Nitrogen (N) and phosphorus (P) are essential elements for all living organisms. However, in excess, they contribute to such environmental problems as aquatic and terrestrial eutrophication (N, P), acidification (N), global warming (N), groundwater pollution (N), depletion of stratospheric ozone (N), formulation of tropospheric zone (N) and poor urban air quality (N). Globally, human action has multiplied the volume of N and P cycling since the onset of industrialization. The multiplication is a result of intensified agriculture, increased energy consumption and population growth.
Industrial ecology (IE) is a discipline, in which human interaction with the ecosystems is investigated using a system analytical approach. The main idea behind IE is that industrial systems resemble ecosystems, and, like them, industrial systems can then be described using material, energy and information flows and stocks. Industrial systems are dependent on the resources provided by the biosphere, and these two cannot be separated from each other. When studying substance flows, the aims of the research from the viewpoint of IE can be, for instance, to elucidate the ways how the cycles of a certain substance could be more closed and how the flows of a certain substance could be decreased per unit of production (= dematerialization). IE uses analytical research tools such as material and substance flow analysis (MFA, SFA), energy flow analysis (EFA), life cycle assessment (LCA) and material input per service unit (MIPS).
In Finland, N and P are studied widely in different ecosystems and environmental emissions. A holistic picture comparing different societal systems is, however, lacking. In this thesis, flows of N and P were examined in Finland using SFA in the following four subsystems: I) forest industry and use of wood fuels, II) food production and consumption, III) energy, and IV) municipal waste. A detailed analysis at the end of the 1990s was performed. Furthermore, historical development of the N and P flows was investigated in the energy system (III) and the municipal waste system (IV). The main research sources were official statistics, literature, monitoring data, and expert knowledge.
The aim was to identify and quantify the main flows of N and P in Finland in the four subsystems studied. Furthermore, the aim was to elucidate whether the nutrient systems are cyclic or linear, and to identify how these systems could be more efficient in the use and cycling of N and P. A final aim was to discuss how this type of an analysis can be used to support decision-making on environmental problems and solutions.
Of the four subsystems, the food production and consumption system and the energy system created the largest N flows in Finland. For the creation of P flows, the food production and consumption system (Paper II) was clearly the largest, followed by the forest industry and use of wood fuels and the energy system. The contribution of Finland to N and P flows on a global scale is low, but when compared on a per capita basis, we are one of the largest producers of these flows, with relatively high energy and meat consumption being the main reasons.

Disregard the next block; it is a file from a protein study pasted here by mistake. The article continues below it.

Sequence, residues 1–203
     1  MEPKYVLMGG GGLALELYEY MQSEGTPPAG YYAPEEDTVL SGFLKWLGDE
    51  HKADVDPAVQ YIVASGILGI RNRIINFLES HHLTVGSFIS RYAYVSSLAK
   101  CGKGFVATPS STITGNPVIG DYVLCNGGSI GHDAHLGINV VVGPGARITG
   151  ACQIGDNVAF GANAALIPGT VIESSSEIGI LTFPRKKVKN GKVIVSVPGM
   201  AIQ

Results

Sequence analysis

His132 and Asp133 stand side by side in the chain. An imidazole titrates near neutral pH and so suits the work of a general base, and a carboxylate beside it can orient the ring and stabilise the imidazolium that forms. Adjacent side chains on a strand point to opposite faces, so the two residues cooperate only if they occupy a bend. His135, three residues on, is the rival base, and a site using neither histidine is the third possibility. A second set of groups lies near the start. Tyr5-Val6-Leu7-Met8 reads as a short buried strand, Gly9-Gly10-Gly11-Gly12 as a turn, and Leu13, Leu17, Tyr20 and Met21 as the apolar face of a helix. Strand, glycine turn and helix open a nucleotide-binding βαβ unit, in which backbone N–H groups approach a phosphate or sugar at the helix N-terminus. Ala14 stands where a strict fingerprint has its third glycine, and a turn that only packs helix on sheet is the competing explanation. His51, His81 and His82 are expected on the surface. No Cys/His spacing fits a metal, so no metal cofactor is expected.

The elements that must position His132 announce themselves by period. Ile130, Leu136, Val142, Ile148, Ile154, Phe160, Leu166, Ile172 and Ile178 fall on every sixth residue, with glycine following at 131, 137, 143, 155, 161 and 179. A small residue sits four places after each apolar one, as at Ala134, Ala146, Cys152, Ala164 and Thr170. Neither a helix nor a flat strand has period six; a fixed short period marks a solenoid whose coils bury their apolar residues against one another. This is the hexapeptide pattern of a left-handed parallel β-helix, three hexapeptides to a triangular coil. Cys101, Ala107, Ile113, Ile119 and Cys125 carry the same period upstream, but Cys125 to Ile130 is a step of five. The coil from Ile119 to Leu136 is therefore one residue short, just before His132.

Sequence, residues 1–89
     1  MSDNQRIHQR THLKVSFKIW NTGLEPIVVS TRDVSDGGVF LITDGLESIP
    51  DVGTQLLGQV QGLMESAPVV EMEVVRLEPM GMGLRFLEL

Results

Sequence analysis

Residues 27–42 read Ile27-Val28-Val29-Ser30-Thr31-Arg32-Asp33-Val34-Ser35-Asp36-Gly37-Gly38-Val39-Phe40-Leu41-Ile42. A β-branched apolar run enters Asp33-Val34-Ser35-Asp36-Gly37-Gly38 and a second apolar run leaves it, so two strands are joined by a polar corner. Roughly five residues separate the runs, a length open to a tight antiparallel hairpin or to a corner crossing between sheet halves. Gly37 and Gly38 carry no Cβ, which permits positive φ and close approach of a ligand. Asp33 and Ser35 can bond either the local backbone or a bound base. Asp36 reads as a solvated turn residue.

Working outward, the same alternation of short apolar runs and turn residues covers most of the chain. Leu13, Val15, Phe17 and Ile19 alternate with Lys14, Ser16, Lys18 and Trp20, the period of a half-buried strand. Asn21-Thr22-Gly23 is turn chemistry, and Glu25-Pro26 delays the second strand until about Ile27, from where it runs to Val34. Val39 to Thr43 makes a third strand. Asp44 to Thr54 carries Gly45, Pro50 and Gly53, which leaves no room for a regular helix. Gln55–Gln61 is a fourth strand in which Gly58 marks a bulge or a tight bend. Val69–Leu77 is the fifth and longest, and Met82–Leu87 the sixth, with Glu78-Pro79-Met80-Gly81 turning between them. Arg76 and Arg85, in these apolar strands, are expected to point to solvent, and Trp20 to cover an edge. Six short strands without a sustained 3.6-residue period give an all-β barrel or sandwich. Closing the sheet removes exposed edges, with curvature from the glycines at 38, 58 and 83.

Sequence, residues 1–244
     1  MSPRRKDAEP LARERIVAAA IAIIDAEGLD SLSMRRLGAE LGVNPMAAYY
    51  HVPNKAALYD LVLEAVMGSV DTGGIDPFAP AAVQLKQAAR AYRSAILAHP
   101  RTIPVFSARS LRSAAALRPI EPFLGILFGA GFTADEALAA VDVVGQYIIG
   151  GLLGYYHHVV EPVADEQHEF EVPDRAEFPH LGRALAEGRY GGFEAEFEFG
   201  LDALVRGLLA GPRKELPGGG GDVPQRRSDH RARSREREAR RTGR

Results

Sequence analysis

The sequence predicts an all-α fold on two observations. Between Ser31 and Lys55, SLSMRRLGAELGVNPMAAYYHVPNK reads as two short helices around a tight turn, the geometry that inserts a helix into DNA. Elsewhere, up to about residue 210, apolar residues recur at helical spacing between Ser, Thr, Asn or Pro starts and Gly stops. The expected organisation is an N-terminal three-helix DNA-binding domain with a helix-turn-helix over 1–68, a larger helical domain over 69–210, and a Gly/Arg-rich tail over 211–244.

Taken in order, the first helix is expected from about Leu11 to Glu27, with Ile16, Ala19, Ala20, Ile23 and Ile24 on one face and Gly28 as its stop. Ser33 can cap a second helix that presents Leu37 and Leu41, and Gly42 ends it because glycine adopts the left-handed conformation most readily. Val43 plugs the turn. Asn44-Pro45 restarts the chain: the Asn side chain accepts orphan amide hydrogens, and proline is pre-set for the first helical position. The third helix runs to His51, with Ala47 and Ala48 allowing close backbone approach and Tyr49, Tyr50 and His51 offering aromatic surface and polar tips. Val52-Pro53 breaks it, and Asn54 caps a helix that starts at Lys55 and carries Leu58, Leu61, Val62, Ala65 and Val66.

Analysis revealed the openness of all four systems. The openness is due to the high degree of internationality of the Finnish markets, the large-scale use of synthetic fertilizers and energy resources and the low recycling rate of many waste fractions. Reduction in the use of fuels and synthetic fertilizers, reorganization of the structure of energy production, reduced human intake of nutrients and technological development are crucial in diminishing the N and P flows. To enhance nutrient recycling and replace inorganic fertilizers, recycling of such wastes as wood ash and sludge could be promoted.
SFA is not usually sufficiently detailed to allow specific recommendations for decision-making to be made, but it does yield useful information about the relative magnitude of the flows and may reveal unexpected losses. SFA studies should be supported with other methods such as LCA. Data uncertainties are high in this type of analysis. Use of quantitative uncertainty analysis is therefore recommended. Definition of the system boundaries significantly affects conclusions drawn from SFA results.
Sustainable development is a widely accepted target for all human action. SFA is one method that can help to analyse how effective different efforts are in leading to a more sustainable society. SFA's strength is that it allows a holistic picture of different natural and societal systems to be drawn. Furthermore, when the environmental impact of a certain flow is known, the method can be used to prioritize environmental policy efforts.』
List of abbreviations
1.2. Industrial ecology and industrial metabolism
1.2.1. Closing material material cycles
1.2.2. Diminishing of material flows
1.3. Topics under investigation
1.3.1. Nitrogen (N)
1.3.2. Phosphorus (P)
1.4. Study area - Finland
Forests and forest industry
Energy production and consumption
2. Aims of the study
3. Materials and methods
3.1. Substance flow analysis (SFA)
3.2. System description
I Forest industry and use of wood fuels
II Food production and consumption system
III Energy system
IV Municipal waste system
3.3. Data sources and quantification methods
3.3.1. Situation at the end of the 1990s
3.3.2. Historical data
4.1. Situation at the end of the 1990s
4.1.1. Flows between production and consumption sectors
4.1.2. Flows to water, air and soil (environmental flows)
4.1.3. Recycling and re-use of N and P
4.2. Historical changes in N and P flows
4.2.1. Energy system
4.2.2. Waste and wastewater management system
5.1. Magnitude of the Finnish N and P flows
5.2. Closing the N and P cycles
5.3. Possibilities for diminishing N and P flows
5.4. Importance of system boundaries
5.6. SFA as a decision-making tool